Juan Pablo Montoya gives the Arrow McLaren SP team “the best shot to win” the Indianapolis 500 this year, according to team director Taylor Kiel.
Montoya was announced in a third car for the team last week, replacing Fernando Alonso – who drove its extra Indy 500 entry this year but is unable to contest the race for the next two seasons as he returns to Formula 1 with Renault.
Alonso crashed in practice which set him and the team back, and suffered a clutch issue and an inherent handling problem in the race, meaning he could only finish 21st after qualifying 26th.
However, his team-mate Patricio O’Ward won the Indy 500 rookie of the year title after finishing sixth, going on to finish fourth in the championship in his first full IndyCar season.
Montoya will slot in alongside O’Ward – and the team’s new signing Felix Rosenqvist – for his sixth attempt at the Indy 500.
Despite Montoya not contesting the event or any IndyCar races since 2017, Arrow McLaren SP’s managing director Taylor Kiel said the only target with two-time winner was a victory, and the team wasn’t obliged to run a third entry in 2021.
“There is literally no other motivation for this deal than to win the race,” Kiel told The Race.
“And I mean that sincerely.
“We’re lucky enough to be in a position that we don’t need to run this car for budget reasons or otherwise.
“We want to run this car so that we can win the race.
“When we looked at the drivers available, this this wasn’t a situation for us where we’re out hunting for a driver with a big paycheque so that we can go that route.
“This was about identifying who was available, and making the choice that we felt would give us the greatest opportunity to win the race.
“I have no doubt that when Juan shows up, he will bring knowledge and insight that will make us better than we were before he was here.
“So not only does he tick that box but he can also be a mentor for our young guys.
“I’ll throw this out there: He’s won two out of the five races that he’s entered at the Indy 500.
“So that’s a pretty good winning percentage that would put you in the Hall of Fame if you’re a baseball player.
“But we’re not, we’re racing, so I think Juan gives us the best shot to win the race, and that is 100% our motivation for putting this third car programme together.”
Montoya has contested the IMSA SportsCar Championship with Penske since 2017, winning that series in 2019.
The 45-year-old famously won the first Indy 500 he took part in – the 2000 event – before winning again just over a year on from his return to IndyCar from a Formula 1 and NASCAR career.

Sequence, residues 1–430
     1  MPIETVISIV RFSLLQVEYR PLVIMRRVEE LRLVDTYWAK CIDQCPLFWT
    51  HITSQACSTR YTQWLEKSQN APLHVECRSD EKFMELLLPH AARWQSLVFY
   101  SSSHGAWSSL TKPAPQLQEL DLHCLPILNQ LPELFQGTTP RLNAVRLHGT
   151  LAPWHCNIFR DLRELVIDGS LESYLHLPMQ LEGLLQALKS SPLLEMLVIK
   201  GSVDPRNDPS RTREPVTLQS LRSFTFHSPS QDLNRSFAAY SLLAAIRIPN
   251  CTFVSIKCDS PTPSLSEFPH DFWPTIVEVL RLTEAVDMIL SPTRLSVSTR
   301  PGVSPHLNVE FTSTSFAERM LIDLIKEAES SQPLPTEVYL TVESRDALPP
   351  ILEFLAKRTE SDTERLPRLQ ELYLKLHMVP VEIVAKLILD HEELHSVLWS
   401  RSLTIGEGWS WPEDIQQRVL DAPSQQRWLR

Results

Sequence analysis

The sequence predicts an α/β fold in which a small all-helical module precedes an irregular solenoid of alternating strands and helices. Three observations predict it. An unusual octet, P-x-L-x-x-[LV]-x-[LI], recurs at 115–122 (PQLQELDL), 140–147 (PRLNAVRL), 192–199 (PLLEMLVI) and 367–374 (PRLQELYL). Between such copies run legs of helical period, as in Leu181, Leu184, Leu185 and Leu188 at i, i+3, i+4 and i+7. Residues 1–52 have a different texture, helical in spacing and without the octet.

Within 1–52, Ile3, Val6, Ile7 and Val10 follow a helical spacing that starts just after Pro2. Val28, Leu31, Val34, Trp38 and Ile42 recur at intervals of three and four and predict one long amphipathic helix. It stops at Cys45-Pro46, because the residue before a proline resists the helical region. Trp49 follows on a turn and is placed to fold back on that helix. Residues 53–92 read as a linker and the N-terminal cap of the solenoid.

He raced with McLaren in F1 in 2005 and the first half of ’06 before dramatically quitting for NASCAR.
The Arrow McLaren SP deal therefore marks a reunion of sorts, with McLaren having started a partnership with what was Schmidt Peterson Motorsport to create its full-time IndyCar programme starting in 2020.
Kiel said that Montoya’s proven track record of being able to adapt to a range of machinery was “absolutely” important in the deal, as Montoya will have to quickly get up to speed with the huge change initiated by the new-for-2020 aeroscreen device – a change his rivals have a year headstart with.
The cockpit canopy has drastically improved safety, but on a driving level it has added understeer due to the additional weight, high up and near the front of the car.
“When you show up in Indianapolis the [track] time has been reduced for us, year over year it seems like,” Kiel added.
“We’re now in a situation where our marquee event is three to four practice days depending on weather.
“So it’s necessary to have somebody that can hop in the car and just get on with it.
“I think that certainly that factors into the decision.”
The coronavirus situation is still fluid in the United States and could well affect teams’ testing schedules ahead of the season.
Montoya is based in Miami so he would not have to receive special clearance to enter the country like other drivers did for IndyCar this year.
However, the pandemic is still looming when it comes to planning early 2021 activities. Acknowledging this, the team plans to test Montoya before the Indy 500 gets underway but has nothing set in stone.
Asked about testing plans for Montoya, Kiel said: “It’s wide open. I think that we certainly would like to do that.
“That’s what we’re planning for, but man you know as well as I do, I don’t know what the future holds with the COVID and the travel situations.
“I would imagine that if we don’t have this whole thing under control Stateside by mid-January, February, a lot of the team testing schedules may be up in the air.
“We would certainly like to do that [test Montoya].
“It gives us and Juan a good feel for the car and an opportunity to work together in a testing environment so it increases our chances of success, so we obviously want to do it.
“I just don’t know what the future holds, but we will be planning to.”